Last weekend I attended the annual conservative RedState Gathering, where nine Republican presidential candidates gave fiery speeches. Although all were very impressive speakers, I kept applying the “Buckley rule” — these days, generally thought of as “nominate the most conservative candidate who is electable” — and did not feel confident that any of them could actually win the White House in 2016.
Unfortunately, Ohio Governor John Kasich, the candidate who I believe exemplifies this form of the Buckley rule better than the other 16 candidates on the GOP bench, was not even invited to speak at the gathering. From what I could tell, Kasich was not considered “conservative enough.” (As opposed to Donald Trump, who was invited to speak but was disinvited by RedState editor Erick Erickson after Trump’s “bloody” comments about Megyn Kelly were deemed too offensive.)
Applying this rule to the 2016 Republican presidential ticket leads me to conclude that Governor Kasich paired with Florida Senator Marco Rubio is the most conservative team that could be elected in our politically polarized nation.
Before I’m disinvited from the 2016 RedState Gathering, my fellow conservatives need to be reminded of a 1983 statement by President Ronald Reagan:
I have always figured that half a loaf is better than none, and I know that in the democratic process you’re not going to always get everything you want.
So, inspired by the wisdom of Reagan and Buckley, here are five reasons why a Kasich-Rubio ticket deserves consideration by even the most conservative Republicans as an electable “half a loaf” (politically, I’d argue it adds up to a whole loaf).
1. Republicans are flunking Electoral College math, but Kasich-Rubio could pass the test.
Last November on this site, I penned a piece about why the Electoral College is a big blue barrier to Republicans winning the White House in 2016 or perhaps ever again.
However, a Kasich-Rubio ticket could be the GOP’s best chance of breaking that barrier and acquiring the 270 votes needed to win the presidency.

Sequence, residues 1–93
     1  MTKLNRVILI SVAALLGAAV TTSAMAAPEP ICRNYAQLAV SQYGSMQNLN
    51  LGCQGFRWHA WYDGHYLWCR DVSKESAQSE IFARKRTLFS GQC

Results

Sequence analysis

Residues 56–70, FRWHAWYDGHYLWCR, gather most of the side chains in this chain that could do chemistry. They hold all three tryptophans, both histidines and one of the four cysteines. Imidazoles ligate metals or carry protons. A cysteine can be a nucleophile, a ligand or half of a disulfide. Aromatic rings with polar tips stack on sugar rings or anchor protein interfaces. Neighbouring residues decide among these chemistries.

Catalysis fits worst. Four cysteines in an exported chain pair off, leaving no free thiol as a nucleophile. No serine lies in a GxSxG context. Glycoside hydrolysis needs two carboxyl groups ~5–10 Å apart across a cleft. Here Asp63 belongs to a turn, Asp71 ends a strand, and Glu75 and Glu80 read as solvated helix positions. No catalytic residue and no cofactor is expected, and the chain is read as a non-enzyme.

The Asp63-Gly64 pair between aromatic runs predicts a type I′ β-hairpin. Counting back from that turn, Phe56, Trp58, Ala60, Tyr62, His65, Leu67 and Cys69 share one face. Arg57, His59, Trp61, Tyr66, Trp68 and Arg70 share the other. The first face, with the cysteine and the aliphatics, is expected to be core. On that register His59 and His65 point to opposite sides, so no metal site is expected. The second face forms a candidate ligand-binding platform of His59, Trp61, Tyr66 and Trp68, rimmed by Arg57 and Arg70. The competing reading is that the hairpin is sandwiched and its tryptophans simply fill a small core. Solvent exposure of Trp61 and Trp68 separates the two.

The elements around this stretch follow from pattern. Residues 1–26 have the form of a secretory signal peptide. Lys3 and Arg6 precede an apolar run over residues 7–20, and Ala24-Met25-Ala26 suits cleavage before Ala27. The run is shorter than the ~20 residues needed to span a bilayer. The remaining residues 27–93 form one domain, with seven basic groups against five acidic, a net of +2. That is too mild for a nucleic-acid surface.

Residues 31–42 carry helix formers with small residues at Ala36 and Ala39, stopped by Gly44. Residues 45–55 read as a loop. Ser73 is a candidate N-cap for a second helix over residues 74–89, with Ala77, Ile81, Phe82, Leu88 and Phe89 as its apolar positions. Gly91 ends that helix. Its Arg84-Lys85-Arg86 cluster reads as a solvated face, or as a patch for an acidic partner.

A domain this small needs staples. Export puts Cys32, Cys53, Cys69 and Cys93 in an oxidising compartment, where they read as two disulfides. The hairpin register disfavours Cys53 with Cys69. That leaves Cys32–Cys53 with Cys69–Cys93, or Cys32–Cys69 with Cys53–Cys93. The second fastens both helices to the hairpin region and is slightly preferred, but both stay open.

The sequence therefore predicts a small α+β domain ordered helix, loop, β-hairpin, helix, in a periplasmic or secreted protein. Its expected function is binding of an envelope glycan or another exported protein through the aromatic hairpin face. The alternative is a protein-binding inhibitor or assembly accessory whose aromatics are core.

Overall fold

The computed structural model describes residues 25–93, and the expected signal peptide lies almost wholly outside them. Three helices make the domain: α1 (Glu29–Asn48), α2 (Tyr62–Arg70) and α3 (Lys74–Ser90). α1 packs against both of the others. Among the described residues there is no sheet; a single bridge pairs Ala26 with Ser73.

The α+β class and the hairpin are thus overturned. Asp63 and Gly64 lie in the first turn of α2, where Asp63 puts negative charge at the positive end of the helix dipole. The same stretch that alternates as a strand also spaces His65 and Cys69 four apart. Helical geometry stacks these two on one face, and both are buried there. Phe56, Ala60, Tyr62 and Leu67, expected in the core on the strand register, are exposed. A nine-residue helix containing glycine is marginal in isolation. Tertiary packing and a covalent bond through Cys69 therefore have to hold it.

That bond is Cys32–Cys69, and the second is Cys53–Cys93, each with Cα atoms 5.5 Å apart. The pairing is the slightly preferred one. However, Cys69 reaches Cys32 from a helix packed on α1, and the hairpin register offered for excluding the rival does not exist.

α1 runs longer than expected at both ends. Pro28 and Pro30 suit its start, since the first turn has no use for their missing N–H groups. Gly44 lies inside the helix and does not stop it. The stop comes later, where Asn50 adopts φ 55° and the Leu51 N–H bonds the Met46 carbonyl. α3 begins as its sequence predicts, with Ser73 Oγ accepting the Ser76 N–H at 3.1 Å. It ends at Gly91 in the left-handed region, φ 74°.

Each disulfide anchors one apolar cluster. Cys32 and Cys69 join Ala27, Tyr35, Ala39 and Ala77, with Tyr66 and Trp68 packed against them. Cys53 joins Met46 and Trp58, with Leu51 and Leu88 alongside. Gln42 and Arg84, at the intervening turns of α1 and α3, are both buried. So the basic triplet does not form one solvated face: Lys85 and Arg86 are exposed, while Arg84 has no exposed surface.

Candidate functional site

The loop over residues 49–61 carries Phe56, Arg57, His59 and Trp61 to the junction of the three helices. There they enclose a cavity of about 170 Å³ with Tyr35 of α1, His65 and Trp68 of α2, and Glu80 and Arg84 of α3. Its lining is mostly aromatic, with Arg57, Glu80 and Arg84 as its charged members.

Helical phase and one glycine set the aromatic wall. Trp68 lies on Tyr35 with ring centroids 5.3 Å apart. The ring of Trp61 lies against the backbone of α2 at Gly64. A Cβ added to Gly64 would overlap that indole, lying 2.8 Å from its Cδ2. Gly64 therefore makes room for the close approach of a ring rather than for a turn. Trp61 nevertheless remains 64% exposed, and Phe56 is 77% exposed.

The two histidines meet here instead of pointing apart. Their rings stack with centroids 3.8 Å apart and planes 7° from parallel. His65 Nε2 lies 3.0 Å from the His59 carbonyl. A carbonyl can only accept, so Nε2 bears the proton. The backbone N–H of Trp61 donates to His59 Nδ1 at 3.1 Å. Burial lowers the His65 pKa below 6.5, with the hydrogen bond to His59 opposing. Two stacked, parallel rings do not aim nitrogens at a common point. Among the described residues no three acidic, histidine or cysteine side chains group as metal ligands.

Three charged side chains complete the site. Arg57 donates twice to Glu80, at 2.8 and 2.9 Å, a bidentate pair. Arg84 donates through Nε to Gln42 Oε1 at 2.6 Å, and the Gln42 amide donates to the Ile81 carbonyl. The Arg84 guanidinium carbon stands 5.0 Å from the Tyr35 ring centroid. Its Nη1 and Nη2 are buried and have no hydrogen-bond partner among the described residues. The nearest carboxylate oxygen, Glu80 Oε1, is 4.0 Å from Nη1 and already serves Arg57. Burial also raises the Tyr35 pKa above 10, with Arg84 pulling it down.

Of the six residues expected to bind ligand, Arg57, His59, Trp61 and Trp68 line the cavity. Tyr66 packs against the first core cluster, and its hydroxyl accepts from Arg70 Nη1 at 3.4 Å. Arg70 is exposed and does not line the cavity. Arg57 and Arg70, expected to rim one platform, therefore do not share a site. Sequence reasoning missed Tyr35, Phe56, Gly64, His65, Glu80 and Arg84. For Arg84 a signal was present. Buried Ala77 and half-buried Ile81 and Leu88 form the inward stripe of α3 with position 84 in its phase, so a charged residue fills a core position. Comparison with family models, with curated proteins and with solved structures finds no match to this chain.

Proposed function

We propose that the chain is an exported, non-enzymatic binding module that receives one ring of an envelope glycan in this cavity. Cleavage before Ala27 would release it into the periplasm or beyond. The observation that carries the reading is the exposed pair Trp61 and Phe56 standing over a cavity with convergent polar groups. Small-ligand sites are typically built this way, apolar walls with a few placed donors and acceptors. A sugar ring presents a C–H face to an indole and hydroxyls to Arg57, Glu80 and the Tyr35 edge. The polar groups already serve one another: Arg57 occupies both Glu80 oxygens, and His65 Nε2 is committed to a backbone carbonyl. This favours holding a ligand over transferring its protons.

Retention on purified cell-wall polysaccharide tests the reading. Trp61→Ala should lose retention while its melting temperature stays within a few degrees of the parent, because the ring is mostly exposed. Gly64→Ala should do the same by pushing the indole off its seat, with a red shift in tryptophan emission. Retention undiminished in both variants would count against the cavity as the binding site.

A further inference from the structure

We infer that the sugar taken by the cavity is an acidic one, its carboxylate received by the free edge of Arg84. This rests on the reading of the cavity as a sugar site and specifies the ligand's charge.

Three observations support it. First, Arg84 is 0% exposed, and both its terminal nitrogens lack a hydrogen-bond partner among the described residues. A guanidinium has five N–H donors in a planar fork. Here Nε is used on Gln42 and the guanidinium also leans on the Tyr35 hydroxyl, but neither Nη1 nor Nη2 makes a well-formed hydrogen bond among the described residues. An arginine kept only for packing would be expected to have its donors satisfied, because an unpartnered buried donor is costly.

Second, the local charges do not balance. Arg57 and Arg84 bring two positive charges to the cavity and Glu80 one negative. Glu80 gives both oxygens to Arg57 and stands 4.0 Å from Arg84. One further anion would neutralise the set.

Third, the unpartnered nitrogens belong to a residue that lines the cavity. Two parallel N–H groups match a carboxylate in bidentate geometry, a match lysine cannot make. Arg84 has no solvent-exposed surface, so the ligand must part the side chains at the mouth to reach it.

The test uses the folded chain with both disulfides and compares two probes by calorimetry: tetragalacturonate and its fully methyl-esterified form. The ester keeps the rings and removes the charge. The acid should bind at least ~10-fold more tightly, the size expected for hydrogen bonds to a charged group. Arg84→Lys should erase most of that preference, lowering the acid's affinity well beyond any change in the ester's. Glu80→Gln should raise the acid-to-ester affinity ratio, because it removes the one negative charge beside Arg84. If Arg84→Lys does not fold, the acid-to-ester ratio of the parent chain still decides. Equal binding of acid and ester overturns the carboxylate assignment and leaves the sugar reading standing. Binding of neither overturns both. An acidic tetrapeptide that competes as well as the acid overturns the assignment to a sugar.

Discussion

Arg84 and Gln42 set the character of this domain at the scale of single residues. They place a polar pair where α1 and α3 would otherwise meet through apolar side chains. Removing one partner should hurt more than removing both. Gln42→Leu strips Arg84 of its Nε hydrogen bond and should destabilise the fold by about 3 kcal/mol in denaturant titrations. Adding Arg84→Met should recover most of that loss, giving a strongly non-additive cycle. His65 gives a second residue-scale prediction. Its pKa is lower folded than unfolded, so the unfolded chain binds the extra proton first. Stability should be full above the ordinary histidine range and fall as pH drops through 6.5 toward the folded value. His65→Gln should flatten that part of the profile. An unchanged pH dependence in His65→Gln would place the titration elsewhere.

For starters, Kasich is a twice-elected governor of Ohio, a “must win” state for Republicans. In 2014, he was reelected with 63.8% of the vote and he currently has a 60% approval rating. Shifting to the presidential scoreboard, in 2012, President Obama won Ohio by a margin of only 3 points. Therefore, the chances of Governor Kasich winning his home state are excellent. But adding Ohio’s 18 electoral votes to Mitt Romney’s 2012 Electoral College total of 206 only brings Republicans up to a pitiful 224 votes, miles away from 270.
Enter Marco Rubio, who has earned the support of 6.3% of Republican primary voters. Meanwhile, his Senate job approval rating among Florida voters stands at 50% positive and 38 negative. Not great, but this could significantly improve if Rubio makes history as the first Floridian ever to appear on a U.S. presidential ticket.
Considering that in 2012 President Obama won Florida by a razor-thin margin of just under one percentage point, let’s assume that Rubio could deliver his state’s 29 electoral votes — bringing the Republican tally to 253, only 17 votes shy of 270. (Of course, this equation optimistically assumes that all 206 Romney states remain red.)
To win those remaining 17 electoral votes, a Kasich-Rubio ticket would likely turn to the states that Obama won by less than six points in 2012.
One possibility is Pennsylvania — Ohio’s eastern neighbor and Kasich’s birth state. It offers 20 big electoral votes and Obama’s winning margin was only 5.4 points. (Not since 1988 has a Republican presidential nominee won Pennsylvania, so a Kasich win would be monumental.)
Next target is Virginia’s 13 electoral votes with Obama’s slim 3.9 point margin of victory. Then Colorado, with nine votes and another 5.4 point victory margin. Followed by Iowa, with six votes and a 5.8 point margin. There’s also New Hampshire, with its four votes and Obama’s 5.6 point margin of victory.
Since the Republican path to 270 is very narrow, voters in these five states (along with the two home states) can expect to become very well acquainted with John Kasich andMarco Rubio.
2. Kasich does not scare independents, moderates, or conservative Democrats.
Almost all of those states, though, are either bluish or purple in many ways. Less-than-conservative voters are crucial to winning them, and Kasich looks right for the job.
Governor Kasich is touting his Ohio economic success story — jobs, lower taxes, and a budget surplus — which translates well into soundbites at debates and on the campaign trail. Furthermore, Kasich portrays himself as a compassionate-conservative type, pointing to his faith as the reason why in 2013 he expanded Medicaid under Obamacare, covering 275,000 Ohio residents. In his presidential announcement speech on July 21, he said, “The Lord wants our hearts to reach out to those who don’t have what we have.”
Kasich’s decision to expand Medicaid and justify it on the grounds of his Christianity is a key reason why many conservative primary voters dismiss him, but it’s also among the reasons why it will be extremely challenging for Democrats to portray Kasich as a “war on women” right-wing nutjob.